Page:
Getting Started With Spring Data MongoDB Tutorial

02.08.2017 by Jens in Spring Boot | Spring Data

Working with Spring Data has the huge benefit that you work with a common interface regardless of the underlying storage medium. Yet, it's still transparent enough. In today's tutorial, we will use it with a MongoDB.

MongoDB was one of the first NoSQL stores. Rather than storing your data in tables and columns with a fixed schema, you store it as a document in JSON. It's a different approach to data storage and neither better or worse than regular SQL. Enough of this intro, let's dive in.

Getting Started and Basics

I assume you are using Spring Boot anyways, so the first, step is to add the starter for Spring Data MongoDB.

<dependency>
    <groupId>org.springframework.boot</groupId>
    <artifactId>spring-boot-starter-data-mongodb</artifactId>
</dependency>

Next, we must declare which MongoDB instance our application should use. We can do so using regular properties in application.properties.

spring.data.mongodb.uri=mongodb://localhost:27017/tutorial

You can provided additional username and password with the properties:

  • spring.data.mongodb.username
  • spring.data.mongodb.password

Sample Application

I am using the same sample application as in the previous 5pring Data REST tutorial](http://codeboje.de/spring-data-rest-tutorial/). The sample application consists of a simple model of a user with some attributes and another one representing an address. However, we use MongoDB instead of old JPA.

You can find the code on GitHub.

To mark a model for use with Spring Data MongoDB, we must annotate the class with @Document. Spring now knows that it is a model for use with MongoDB. It's the same principle as you have to annotate JPA classes with @Entity.

@Document
public class User {

    @Id
    private String id;

    @Indexed(unique = true)
    private String username;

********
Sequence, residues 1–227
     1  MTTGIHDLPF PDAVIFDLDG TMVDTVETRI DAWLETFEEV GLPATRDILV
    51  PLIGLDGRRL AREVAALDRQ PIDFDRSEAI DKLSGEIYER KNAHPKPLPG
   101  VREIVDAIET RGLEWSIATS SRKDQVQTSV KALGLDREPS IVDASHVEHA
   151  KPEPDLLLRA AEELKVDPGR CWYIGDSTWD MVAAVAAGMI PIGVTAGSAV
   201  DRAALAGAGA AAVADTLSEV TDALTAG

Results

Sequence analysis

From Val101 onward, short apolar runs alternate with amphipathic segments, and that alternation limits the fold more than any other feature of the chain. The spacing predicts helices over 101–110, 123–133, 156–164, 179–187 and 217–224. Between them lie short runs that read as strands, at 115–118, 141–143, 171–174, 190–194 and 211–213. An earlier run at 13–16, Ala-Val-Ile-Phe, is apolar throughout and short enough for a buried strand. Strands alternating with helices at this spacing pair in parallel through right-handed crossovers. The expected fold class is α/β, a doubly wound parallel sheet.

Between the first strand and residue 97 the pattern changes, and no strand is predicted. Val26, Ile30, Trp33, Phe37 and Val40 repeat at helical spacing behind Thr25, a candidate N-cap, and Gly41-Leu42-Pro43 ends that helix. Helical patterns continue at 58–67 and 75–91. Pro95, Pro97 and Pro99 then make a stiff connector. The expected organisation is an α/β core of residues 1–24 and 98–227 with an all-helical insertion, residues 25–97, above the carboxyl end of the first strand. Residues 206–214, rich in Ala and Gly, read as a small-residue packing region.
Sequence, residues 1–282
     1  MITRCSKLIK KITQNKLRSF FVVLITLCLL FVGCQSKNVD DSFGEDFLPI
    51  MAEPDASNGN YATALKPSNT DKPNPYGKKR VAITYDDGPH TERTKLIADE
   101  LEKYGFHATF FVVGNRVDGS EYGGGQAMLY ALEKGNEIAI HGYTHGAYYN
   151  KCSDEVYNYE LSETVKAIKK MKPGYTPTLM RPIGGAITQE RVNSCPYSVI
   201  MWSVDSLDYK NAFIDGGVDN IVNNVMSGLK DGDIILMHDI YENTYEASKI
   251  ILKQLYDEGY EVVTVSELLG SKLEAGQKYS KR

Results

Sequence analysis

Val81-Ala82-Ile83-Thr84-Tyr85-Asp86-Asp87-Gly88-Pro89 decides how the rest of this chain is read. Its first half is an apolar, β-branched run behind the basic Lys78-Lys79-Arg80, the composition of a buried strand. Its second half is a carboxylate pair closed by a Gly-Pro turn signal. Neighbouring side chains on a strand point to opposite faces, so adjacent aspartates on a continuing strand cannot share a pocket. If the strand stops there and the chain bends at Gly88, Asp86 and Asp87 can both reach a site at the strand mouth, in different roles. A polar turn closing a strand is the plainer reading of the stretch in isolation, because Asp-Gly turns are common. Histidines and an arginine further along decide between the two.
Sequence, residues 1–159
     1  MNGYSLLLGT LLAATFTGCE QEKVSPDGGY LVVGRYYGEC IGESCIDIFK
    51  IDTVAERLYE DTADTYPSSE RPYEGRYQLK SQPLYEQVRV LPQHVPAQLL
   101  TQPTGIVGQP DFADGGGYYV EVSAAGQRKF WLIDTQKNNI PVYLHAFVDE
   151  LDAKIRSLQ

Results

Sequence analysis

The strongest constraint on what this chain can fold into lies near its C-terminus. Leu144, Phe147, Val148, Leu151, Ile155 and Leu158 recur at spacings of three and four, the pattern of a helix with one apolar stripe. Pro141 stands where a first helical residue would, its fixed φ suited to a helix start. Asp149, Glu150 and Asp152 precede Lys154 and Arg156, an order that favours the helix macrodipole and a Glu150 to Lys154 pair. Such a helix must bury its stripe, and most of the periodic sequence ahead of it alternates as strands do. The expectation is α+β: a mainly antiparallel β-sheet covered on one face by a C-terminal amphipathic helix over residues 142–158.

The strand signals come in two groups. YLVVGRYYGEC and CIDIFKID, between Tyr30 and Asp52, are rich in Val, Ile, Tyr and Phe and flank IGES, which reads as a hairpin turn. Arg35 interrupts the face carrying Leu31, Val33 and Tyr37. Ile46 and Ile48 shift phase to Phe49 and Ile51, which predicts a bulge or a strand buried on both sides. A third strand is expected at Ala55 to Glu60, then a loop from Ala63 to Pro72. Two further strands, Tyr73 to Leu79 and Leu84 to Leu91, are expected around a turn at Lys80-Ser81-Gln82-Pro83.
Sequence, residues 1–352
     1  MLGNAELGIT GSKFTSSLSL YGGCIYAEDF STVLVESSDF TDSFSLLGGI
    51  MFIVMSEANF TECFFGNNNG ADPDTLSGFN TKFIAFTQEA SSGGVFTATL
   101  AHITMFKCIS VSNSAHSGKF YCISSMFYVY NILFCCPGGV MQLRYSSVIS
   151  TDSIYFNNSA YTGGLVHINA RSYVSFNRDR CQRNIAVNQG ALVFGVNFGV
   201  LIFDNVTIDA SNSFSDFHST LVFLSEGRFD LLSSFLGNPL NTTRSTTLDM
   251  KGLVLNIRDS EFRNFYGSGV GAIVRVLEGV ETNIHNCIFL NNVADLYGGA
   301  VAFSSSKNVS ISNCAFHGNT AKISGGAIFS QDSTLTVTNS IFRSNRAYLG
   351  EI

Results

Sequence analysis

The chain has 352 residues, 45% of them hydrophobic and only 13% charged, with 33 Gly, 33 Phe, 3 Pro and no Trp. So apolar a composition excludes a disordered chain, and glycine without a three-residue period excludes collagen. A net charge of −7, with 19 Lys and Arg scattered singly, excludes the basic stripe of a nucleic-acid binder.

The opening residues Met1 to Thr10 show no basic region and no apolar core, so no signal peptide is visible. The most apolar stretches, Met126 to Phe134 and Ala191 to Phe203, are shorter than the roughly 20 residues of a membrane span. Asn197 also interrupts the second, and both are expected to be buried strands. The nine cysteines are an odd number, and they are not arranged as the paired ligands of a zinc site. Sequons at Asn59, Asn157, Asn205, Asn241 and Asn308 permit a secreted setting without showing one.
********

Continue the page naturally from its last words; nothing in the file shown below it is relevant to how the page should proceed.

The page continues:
@TextIndexed
    private String firstname;

    @TextIndexed
    private String lastname;

    @TextScore
    private Float textScore;

    private Address homeAddress;

    //getter and setter omitted
}

By default, Spring will serialize all not transient fields to the document store and will use the Java field name as document field name too. If you want to deviate from that, you can set a different name using the @Field annotation as we do on Address.zipCode field below.

If you need an index on a certain field, you can add it with the @Indexed annotation and like above, even mark it as a unique field. We will cover @TextIndexed and @TextScore later.

@Document
public class Address {

    @Id
    private String id;

    private String street;

    @Field("zip_code")
    private String zipCode;

    private String city;

    private String country;

    //getter and setter omitted
}

Our next step is to provide a Spring Data repository so we can interact with our data.

public interface UserRepository extends PagingAndSortingRepository<User, String>{

    Page<User> findAllByUsername(@Param("username") String username, Pageable page);
}

It works and behaves exactly the same as any other Spring Data module. You interact with an almost POJO and a repository abstraction.

THe sample application main:

@SpringBootApplication
public class SpringDataMongodbTutorialApplication {

    public static void main(String[] args) {
        SpringApplication.run(SpringDataMongodbTutorialApplication.class, args);
    }
}

However, we are going to explore it with a test.

@RunWith(SpringRunner.class)
@SpringBootTest
public class SpringDataMongodbTutorialApplicationTests {

    @Autowired
    private UserRepository repo;

    @Before
    public void before() {
        repo.deleteAll();
    }
}

Working with the Repository

As I mentioned before, it behaves the same as with any other Spring Data store. You operate with the almost POJO and the repository abstraction.

To create a new user, we simply use the save method on our UserRepository.

@Test
public void createUserWithAddress() {
    User horst = new User();
    horst.setFirstname("Horst");
    horst.setLastname("Mustermann");
    horst.setUsername("horstm");
    Address address = new Address();
    address.setCity("Frankfurt");
    address.setCountry("Germany");
    address.setStreet("Zeil 3");
    address.setZipCode("60384");

    horst.setHomeAddress(address);

    User horstDb = repo.save(horst);
    assertNotNull(horstDb);
    assertNotNull(horstDb.getId());
    assertEquals(horst.getFirstname(), horstDb.getFirstname());
}

The Address is stored inside the User document in MongoDB.

Queries - Retrieving Data

You can write your queries using the Spring Data method naming schema, by using the Examples API or the @Query annotation. However, the syntax supported on @Query is store dependant. With MongoDB, it's the JSON style.

@Query("{username : ?0}")